Garnish: Maldon sea salt flakes
Garnish: Drizzle of extra-virgin olive oil
Cook’s notes: Because Greeley wants to keep the color on the vegetables’ exterior for definition, most often doesn’t peel them; instead he rubs them gingerly with a “green scrubby.” His favorite mandolin is the Japanese-made Benriner Super at Chef’s Toys in Fountain Valley ($49). He says that sometimes he adds a little Calabrian chili to the vinaigrette.
1. Soak vegetables in ice water for 2 hours. Pat them dry. Place four 12-inch white plates on the countertop. Using a mandoline, slice vegetable crosswise into very thin slices, allowing the slices to fall onto plates (some slices can overlap, but it is most dramatic to have most of the slices in a single layer). You’ll want to finish with the most colorful vegetables, such as the watermelon radish and maroon carrots.
2. Place arugula in medium bowl. In separate small bowl, whisk dressing ingredients together. Dressing will be tart and tangy. Spoon dressing vegetable slices to coat. Add enough of remaining dressing to lightly coat arugula; toss. Place small mounds of arugula in center of plates. Sprinkle with Maldon sea salt flakes and tiny drizzle of extra-virgin olive oil. Serve.
Source: Alan Greeley, chef-owner The Golden Truffle, Costa Mesa
There wasn’t anything complicated about the three layer tray-passed appetizer that Yvon Goetz served at a late-summer reception at The Winery Restaurant in Newport Beach. Yet, guests gobbled them down and seriously jockeyed to get more. Goetz, executive chef-partner at the restaurant, teamed three elements that were in perfect harmony; sweet, herbal flavors balanced with tangy, plus a buttery crunch.
On top – peeled super-sweet cherry tomatoes (I suspected they were Sweet 100’s) that were slowly roasted in a combination of extra-virgin olive oil and herbs, and then brought to room temp. In the middle, thin slices of tangy Humboldt Fog cheese; that’s the alluring artisanal goat milk cheese from Cypress Grove Chevre that has the stripe of edible ash in the center; it’s floral and creamy with a mild citrusy finish. On the bottom, rounds of buttery rosemary-spiked ciabatta bread, toasted and cooled.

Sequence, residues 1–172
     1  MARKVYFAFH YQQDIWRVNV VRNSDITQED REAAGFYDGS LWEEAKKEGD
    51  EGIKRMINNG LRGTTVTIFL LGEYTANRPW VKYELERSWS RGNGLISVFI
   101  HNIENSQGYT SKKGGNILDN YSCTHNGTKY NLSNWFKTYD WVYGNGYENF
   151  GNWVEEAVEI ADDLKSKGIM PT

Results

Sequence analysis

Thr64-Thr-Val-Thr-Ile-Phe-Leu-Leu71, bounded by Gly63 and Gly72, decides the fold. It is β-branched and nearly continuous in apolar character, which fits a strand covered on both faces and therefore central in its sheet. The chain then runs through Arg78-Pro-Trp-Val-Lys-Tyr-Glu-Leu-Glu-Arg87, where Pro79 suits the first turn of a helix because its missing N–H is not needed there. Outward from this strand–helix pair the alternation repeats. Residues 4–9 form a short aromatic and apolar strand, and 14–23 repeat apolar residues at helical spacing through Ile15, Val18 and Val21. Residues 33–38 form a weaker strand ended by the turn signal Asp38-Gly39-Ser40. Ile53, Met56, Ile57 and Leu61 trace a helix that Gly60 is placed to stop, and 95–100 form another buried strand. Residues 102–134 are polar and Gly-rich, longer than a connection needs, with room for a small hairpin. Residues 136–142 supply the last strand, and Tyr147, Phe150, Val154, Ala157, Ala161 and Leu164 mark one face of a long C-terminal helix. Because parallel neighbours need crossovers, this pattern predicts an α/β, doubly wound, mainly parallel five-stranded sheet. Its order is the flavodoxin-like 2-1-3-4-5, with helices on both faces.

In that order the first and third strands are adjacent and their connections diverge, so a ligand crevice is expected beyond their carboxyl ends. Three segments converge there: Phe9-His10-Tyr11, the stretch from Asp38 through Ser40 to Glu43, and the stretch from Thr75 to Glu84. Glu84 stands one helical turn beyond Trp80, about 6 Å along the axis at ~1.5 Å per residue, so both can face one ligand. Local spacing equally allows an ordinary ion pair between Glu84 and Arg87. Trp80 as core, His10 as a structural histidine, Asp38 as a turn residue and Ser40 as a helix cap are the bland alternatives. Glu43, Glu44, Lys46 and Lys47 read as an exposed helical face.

Yvon’s Confit Cherry Tomato and Humboldt Fog Canapes
Yield: 12 hors d’oeuvres
Rosemary ciabatta bread, cut into 3/8-inch thick slices
Melted butter, about 1/4 cup
12 sweet cherry tomatoes
1 cup extra-virgin olive oil
1 teaspoon chopped fresh thyme leaves
1 teaspoon minced garlic
1 teaspoon chopped fresh basil
1/2 teaspoon sea salt
1/2 teaspoon freshly ground black pepper
1/8 teaspoon sugar
4 ounces Humboldt Fog cheese, cut into thin slices
Garnish: fleur de sel (fancy finishing salt) and chopped fresh basil
Cook’s notes: If you can’t find rosemary ciabatta bread, you can substitute a rustic white bread with or without rosemary. Humboldt Fog cheese is sold at cheese shops and supermarkets with large cheese sections, such as Whole Foods Markets.
1. Preheat oven to 350 degrees. Using a 2-inch circle cutter, cut out 12 rounds of ciabatta. Lightly brush both sides of bread with butter and place on baking sheet. Place in preheated oven and toast until lightly browned, turning as needed. Set aside and reduce oven temperature to 200 degrees.
2. Bring a large saucepan of salted water to boil on high heat. Use a paring knife to make a shallow “X” on the bottom of each tomato. Place a bowl of ice water next to stove. Add tomatoes to boiling water and submerge for 3 to 4 seconds. Scoop up with slotted spoon and transfer to ice water. When cool enough to handle, slip off skin being cautious no to cut into flesh.
3. In a medium-large bowl, combine oil, thyme, garlic, basil, salt, pepper and sugar; stir to combine. Add tomatoes and gently toss. Place in a 9-inch baking dish; cover with aluminum foil and bake 60 to 90 minutes, or until tomatoes are slightly shriveled and soft to the touch without falling apart. Cool. (Tomatoes can be prepared ahead and refrigerated airtight up to 3 days.).
4. Evenly spread the thin slices of Humboldt fog on top of each toasted ciabatta. Remove the tomatoes from the excess oil and place atop cheese. Sprinkle with a little fleur de sel and chopped basil. Serve.
Source: Yvon Goetz, The Winery Restaurant, Newport Beach and Tustin